There are a number of reasons you might want to add fiber to your cat's diet. If your cat is having difficulty defecating and you're finding an empty litter box day after day, fiber can help move things along. Obese kitties can also benefit from more fiber in their diet to help them feel more satisfied with fewer calories, which can help your weight loss goals for your cat.
Different fiber types
There are two different types of fiber, which act very differently in the digestive tract. Adding them without consulting your veterinarian can upset your pet's digestion and digestive system significantly.
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Soluble fiber dissolves in water, which means it absorbs water in the stomach and intestines. This creates a gel that will make your cat feel full and slow digestion. Insoluble fiber doesn't absorb water and goes through the small intestine without breaking down. It bulks up and adds moisture to the stool, helping foods pass through more easily.
How much fiber a cat should get
All pet food labels include the total amount of fiber. Unlike human food that consists of the words "total dietary fiber," pet food uses the words "crude fiber," which is the insoluble fiber type, as a measure of its fiber content. The difference is that human food breaks down the ingredients into two types: soluble and insoluble.
Since pet chow's guaranteed analysis includes only "crude fiber," your pet's food could contain more fiber than you think due to any insoluble fiber in its ingredients. Too much fiber in the diet isn't good for a cat. The feline intestinal tract is short, making it well suited to a carnivorous diet and limiting its ability to ferment fiber.
Overabundant fiber decreases your cat's ability to digest other essential nutrients. A cat's diet shouldn't contain more than 10 percent fiber.
Is pumpkin a good source of fiber for cats?
A web search of good fiber sources for cats is bound to yield a plethora of articles recommending pumpkin. The answer to whether it's a good source, however, is a bit more complicated than that.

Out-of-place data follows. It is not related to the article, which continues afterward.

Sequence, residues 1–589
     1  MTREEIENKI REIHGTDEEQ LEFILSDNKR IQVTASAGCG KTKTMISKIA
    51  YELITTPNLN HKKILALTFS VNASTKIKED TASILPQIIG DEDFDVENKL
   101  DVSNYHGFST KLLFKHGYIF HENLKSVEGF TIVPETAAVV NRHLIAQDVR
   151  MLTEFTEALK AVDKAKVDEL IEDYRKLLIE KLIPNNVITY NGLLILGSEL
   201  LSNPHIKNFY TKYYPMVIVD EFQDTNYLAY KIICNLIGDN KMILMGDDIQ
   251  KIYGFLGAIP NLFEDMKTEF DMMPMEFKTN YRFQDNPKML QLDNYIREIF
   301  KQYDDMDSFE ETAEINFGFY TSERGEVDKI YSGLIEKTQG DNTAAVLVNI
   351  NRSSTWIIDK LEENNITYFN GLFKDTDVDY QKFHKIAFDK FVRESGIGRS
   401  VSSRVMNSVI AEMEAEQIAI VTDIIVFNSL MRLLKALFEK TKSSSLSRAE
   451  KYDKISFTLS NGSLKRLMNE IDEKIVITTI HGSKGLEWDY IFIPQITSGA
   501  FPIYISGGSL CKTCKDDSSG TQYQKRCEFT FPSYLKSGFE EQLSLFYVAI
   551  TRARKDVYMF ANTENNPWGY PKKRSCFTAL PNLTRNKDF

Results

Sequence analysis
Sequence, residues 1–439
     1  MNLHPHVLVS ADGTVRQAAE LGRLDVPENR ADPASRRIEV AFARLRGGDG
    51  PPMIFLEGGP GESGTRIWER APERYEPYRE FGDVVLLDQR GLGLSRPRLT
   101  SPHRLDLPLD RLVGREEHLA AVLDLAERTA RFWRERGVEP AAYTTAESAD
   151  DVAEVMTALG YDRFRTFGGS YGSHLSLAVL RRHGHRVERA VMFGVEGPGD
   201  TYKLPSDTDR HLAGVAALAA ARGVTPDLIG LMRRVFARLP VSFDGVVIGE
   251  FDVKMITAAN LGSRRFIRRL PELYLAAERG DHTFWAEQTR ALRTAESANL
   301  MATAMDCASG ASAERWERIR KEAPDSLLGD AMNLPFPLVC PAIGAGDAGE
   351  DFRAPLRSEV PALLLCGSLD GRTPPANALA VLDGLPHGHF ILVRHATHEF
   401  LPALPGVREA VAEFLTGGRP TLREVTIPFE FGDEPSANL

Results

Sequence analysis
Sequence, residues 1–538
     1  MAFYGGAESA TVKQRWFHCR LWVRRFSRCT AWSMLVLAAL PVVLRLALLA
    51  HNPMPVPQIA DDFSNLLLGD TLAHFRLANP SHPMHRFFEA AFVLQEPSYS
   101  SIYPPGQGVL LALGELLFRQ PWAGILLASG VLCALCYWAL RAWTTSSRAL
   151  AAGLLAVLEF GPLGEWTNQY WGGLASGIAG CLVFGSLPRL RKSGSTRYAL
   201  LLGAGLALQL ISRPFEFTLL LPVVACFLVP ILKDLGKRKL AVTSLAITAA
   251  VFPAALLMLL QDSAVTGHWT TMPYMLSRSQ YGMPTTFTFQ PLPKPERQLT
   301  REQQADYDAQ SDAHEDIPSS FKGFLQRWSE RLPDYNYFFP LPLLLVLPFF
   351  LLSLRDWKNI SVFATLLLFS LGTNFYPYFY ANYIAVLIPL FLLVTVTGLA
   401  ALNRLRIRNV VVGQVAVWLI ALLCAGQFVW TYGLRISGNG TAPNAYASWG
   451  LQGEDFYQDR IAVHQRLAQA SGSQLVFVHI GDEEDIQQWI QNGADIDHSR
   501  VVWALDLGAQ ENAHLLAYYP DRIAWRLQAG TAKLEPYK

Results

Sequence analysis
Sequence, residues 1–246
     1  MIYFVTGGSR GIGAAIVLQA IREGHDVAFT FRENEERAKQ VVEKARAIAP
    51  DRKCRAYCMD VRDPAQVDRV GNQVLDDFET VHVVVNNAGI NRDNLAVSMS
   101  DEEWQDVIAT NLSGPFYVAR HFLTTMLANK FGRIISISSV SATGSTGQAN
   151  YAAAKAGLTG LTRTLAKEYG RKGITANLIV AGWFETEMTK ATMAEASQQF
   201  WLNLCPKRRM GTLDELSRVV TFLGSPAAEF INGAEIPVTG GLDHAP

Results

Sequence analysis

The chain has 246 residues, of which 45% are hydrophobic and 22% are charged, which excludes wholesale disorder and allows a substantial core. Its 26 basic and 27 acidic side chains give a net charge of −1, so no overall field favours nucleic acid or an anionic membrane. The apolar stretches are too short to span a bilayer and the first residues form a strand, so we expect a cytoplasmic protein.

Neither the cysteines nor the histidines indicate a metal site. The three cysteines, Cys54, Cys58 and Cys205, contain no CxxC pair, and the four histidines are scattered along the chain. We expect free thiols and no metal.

Plain pumpkin, which shouldn't be confused for pie filling, is fine for temporary diarrhea and temporary constipation. Check the label to make sure the only ingredient is pumpkin to be sure that it doesn't contain sodium, added carbohydrates like sugar, or other ingredients that aren't good for your cat and could cause additional gastrointestinal issues. For pets who have chronic gastrointestinal issues, skip the pumpkin and get a high-quality therapeutic food that your veterinarian recommends.
What to do if you suspect your cat is irregular or constipated
The best way to add enough fiber to your pet's diet is by heeding the advice and recommendations of your veterinarian. If your cat is overweight, your veterinarian will likely recommend a ready-made, high-quality diet that is specifically formulated for cats who need to manage obesity.
Additionally, even though fad diets like fasting are popular with humans, it's not good for pet health. A sudden decrease in caloric intake, even for just a few days, can cause a dangerous condition called hepatic lipidosis. Overweight cats are more likely to develop this.
Your veterinarian will examine your cat to make sure that fiber is what is needed. Especially in the case of constipation, your cat could be experiencing trouble for myriad other reasons, such as:
- Dehydration, including from underlying kidney disease
- Inappropriate diet
- Reaction to medication
- Megacolon, which is an abnormal dilation of the colon
- Physiological problems, such as tumors
- Neurological disease
- Metabolic abnormality
Fiber supplements for cats
If constipation is the reason you're considering adding more fiber to your cat's diet, there are other things you can try while you're waiting for the veterinarian appointment. Dehydration is a leading cause of constipation in cats. They evolved to eat a strictly carnivorous diet, which delivers a moisture content of 75 percent or more.
This can be an issue for adult cats, particularly older cats who might have chronic kidney disease, a disorder that can make them more prone to becoming constipated. Despite the fact that these cats drink a lot of water, they're also losing a lot of water as well due to their kidneys not functioning normally. As a result, they are chronically dehydrated.
Dry kibble delivers just 5 to 10 percent moisture, and cats don't make up the difference at the water bowl. Though there are some outliers who love dripping faucets and water fountains, many cats don't have a high thirst drive, and those on dry kibble tend to consume less than half the moisture of those on canned food.
Also, cats are obligate carnivores. Their systems aren't designed to eat the high-fiber that dry cat food delivers from sources like potatoes, legumes, and grains. Instead, they get their nutrition solely from hunting prey. Talk with your veterinarian before trying a grain-free to help improve any GI tract issues. Currently, there is no data to support the health claims of grain-free foods for pets.
A cat's natural diet consists of less than 0.55 percent fiber. Partially digested food from their prey's stomach, bones, hairballs, and fur make up what little fiber a cat would naturally ingest. This makes it essential to consult your veterinarian before adding fiber to your cat's diet.
There are many conditions that can lead to your cat being irregular or constipated, so it's important that you always check in with your DVM to find out the underlying cause. One common cause of constipation is dehydration in cats, often due to a reliance on dry cat food that doesn't offer your cat enough water. Switching to a wet food or a veterinarian-prescribed dry food might do the trick. Always remember that cats aren't meant to eat an overly high-fiber diet, so pet owners should look for other solutions that might be closer to what their cat needs.